Supporting Readers with Autism

Autism (or ASD) is a disorder that can present with a variety of symptoms, and this means that there is no single strategy or technique to help turn them into effective readers and learners. Autistic children are all individuals, and any approach needs to bear this in mind. If you are looking to support a child with Autism, then a flexible approach is key, and you may find you need to adapt your strategy as you go. However, this post contains a few suggestions and recommendations you may wish to implement with your child.

Repetition and structure
Children with Autism thrive on repetition and structure. What they do not like so much are open-ended tasks, and non structured times can feel overwhelming and even threatening. So have a set time for reading, that they know about in advance. Ensure the environment is free of other distractions (although you may find they do respond better with predictable distractions such as music).
Do not worry about rereading the same texts, this is a way to reassure them and create familiarity. You can start with a text they are comfortable and familiar with, and then introduce a new text in a structured and incremental way. Make links to what they already know and also use visual elements first, such as looking at the pictures and the cover, before moving on to the written words.

Go with interests
Children with Autism may well have specific and quite intense interests, so do not be afraid to use these when selecting texts to read together. Choose texts on topics that will engage them and help them to focus. Do not worry if their interests seem to limit them to one genre, or perhaps are better suited to non-fiction, in an ideal world we would like children to read a full range, but it is far more important to help them enjoy and access reading.
Children with ASD may also do better with certain formats of texts. For example, they may respond better to sound, and therefore it may be better to try audio books first. Alternatively, if they are very visual, then graphic novels may help to engage them. Children with Autism may also prefer to use technology, since it tends to be more independent and involve less social interaction. Try letting them read on a computer, tablet or possibly an e-reader if this makes them more comfortable.

Stick with literal comprehension to begin with
Unlike students with dyslexia, students with ASD may well be very skilled at decoding language using phonics, but they struggle with comprehension work. When discussing books with your child, you may need to begin with literal questioning, such as who, what, when and where. Children with ASD will struggle with more inferential based questioning, so you need to build up to these types of questions more gradually.
Teach your child how to become an active reader, by modelling your own thought process about a text step by step. This may help them to access figurative language. For example, take this quotation from A Christmas Carol – “I wear the chain I forged in life”. A student with ASD would find this concept of Marley’s chain quite difficult to access.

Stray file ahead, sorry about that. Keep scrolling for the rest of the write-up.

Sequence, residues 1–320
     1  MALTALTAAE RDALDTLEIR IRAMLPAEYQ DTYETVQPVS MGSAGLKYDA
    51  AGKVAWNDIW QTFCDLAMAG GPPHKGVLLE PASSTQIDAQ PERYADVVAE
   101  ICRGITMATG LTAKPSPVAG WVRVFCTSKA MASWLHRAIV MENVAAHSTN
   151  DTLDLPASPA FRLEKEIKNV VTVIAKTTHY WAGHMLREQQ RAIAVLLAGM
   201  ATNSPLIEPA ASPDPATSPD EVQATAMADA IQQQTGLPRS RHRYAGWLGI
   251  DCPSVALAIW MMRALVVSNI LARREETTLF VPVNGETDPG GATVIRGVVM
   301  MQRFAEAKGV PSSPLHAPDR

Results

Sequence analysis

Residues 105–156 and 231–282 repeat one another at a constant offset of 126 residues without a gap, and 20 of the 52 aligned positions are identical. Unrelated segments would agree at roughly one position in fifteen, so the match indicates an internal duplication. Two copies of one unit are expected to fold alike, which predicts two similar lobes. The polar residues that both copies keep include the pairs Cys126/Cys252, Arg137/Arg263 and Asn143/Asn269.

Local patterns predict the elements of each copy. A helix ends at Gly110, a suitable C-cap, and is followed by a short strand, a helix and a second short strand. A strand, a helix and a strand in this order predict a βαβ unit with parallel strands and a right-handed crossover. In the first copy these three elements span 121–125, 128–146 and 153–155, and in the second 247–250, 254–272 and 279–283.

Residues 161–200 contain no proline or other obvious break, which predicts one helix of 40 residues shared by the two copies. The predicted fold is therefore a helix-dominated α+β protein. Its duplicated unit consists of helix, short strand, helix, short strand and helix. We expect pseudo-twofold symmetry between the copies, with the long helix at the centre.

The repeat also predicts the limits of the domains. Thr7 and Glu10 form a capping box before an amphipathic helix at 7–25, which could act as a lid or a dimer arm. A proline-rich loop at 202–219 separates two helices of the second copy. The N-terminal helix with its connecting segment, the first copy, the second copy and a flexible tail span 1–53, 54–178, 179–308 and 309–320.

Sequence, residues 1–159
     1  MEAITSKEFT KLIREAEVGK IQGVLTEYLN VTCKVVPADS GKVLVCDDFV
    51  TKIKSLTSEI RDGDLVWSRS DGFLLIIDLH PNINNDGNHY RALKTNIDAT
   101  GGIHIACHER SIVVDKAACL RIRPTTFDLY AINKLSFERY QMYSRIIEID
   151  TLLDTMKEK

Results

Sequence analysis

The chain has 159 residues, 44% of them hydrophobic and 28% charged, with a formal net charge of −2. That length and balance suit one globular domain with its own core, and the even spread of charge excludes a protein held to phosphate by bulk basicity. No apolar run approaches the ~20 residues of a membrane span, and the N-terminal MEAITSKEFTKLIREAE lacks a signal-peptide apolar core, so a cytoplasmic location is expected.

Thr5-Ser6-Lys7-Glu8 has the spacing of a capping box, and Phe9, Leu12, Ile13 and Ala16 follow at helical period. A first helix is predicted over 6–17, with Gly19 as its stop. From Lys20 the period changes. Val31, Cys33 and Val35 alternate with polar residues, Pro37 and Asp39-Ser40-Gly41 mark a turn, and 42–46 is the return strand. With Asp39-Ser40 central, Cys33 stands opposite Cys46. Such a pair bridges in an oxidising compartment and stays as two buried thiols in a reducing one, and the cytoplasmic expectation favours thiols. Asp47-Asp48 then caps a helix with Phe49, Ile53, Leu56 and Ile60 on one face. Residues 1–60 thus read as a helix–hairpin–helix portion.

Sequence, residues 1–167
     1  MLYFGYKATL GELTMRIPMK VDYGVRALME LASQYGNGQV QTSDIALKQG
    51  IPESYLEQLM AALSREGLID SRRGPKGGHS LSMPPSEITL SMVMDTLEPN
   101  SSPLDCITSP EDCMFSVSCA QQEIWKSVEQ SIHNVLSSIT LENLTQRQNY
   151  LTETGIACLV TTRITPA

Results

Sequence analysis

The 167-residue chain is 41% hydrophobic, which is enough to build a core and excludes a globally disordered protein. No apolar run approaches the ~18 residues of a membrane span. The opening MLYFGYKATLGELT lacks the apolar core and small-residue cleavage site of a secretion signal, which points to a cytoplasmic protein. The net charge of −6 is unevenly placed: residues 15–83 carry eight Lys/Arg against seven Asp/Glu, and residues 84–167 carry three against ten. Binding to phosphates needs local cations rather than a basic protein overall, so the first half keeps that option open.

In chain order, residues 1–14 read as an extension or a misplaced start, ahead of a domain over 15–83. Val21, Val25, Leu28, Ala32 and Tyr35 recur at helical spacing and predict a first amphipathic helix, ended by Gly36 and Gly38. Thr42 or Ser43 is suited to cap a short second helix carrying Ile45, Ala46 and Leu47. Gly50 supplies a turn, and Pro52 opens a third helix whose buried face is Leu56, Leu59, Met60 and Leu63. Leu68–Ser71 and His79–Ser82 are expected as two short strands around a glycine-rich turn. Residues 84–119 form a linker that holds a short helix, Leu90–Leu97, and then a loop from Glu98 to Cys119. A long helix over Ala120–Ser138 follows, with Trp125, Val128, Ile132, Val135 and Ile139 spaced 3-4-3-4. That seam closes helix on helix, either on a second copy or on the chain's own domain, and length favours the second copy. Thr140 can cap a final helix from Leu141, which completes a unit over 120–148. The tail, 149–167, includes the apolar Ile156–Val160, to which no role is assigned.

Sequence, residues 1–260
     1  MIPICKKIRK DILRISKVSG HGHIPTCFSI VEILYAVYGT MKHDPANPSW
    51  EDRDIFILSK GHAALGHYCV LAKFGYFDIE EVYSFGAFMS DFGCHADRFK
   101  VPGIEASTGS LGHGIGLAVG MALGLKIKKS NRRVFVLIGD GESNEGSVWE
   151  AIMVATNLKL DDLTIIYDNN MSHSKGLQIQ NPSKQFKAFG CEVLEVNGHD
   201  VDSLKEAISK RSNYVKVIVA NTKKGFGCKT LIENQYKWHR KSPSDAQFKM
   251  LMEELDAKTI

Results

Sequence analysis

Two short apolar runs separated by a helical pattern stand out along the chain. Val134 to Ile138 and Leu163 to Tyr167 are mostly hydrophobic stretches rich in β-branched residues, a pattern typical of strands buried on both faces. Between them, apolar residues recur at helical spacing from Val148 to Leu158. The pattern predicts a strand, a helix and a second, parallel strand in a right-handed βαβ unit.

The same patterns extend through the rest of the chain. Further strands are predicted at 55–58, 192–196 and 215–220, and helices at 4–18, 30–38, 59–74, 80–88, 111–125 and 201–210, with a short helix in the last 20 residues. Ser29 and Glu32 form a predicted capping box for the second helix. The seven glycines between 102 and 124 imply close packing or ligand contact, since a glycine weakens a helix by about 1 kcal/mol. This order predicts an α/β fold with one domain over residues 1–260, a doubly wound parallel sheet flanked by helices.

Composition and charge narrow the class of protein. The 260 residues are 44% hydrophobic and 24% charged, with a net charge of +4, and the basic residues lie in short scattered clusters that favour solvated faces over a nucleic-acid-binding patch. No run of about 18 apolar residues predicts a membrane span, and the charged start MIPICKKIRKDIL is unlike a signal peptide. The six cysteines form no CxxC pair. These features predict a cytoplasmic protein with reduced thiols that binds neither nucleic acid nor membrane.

• Start by talking about the word “forged” – perhaps even using a visual image of a blacksmith, so they understand that it means something that is made.
  • Explain that this means Marley made the chain himself, in his own life.
  • Help the child to understand that this chain is not like a normal chain, with sections of metal linked together, but is instead made up of all the bad things that Marley did in his life.
  • It is not a chain that can be held or seen by people who are alive, only by those who are dead. After you die, you can see the chain and Marley’ punishment is that he needs to carry it around forever.

Another tip is to get your child to reread pieces of text more actively, for example by highlighting key words/phrases, perhaps words that are linked to a particular theme. Autistic readers tend to read too fast, as they have high level decoding skills, so this is a way to get them to slow down and focus more on individual words. It will help them to stop getting carried away, and focus on understanding the text as they go.

Break questions and tasks down – avoid overwhelm
If you are helping your child complete specific reading tasks, then focus on breaking them down. You may be lucky enough to access resources that are specifically designed for children with ASD, but if not, then you may need to find ways to make them accessible. Children with ASD may well get easily overwhelmed by large amounts of text on a page, and this will quickly cause them to lose interest if not guided through it.
Tasks need to be broken down into a series of steps, and each worksheet should ideally not have more than one or two activities. If you need to, it may help to cover up the other tasks on the sheet, so your child is not distracted by other questions they do not need to answer. I also find that when analysing a passage of text, some children do better looking at one quotation at a time of the page, rather than being overwhelmed by the rest of the passage.

This blog post is obviously just a brief exploration of a complex disorder, and as I said at the beginning, these children are all individuals who need a customised approach, not a one-size fits all strategy. However, I hope that these ideas perhaps give you a starting point for working with your own child.

As an experienced classroom teacher and tutor, I have worked with many children with ASD, and helped them achieve their potential in English. If you would like to find out more about how Bright Sky Tutoring can support your child, get in touch at

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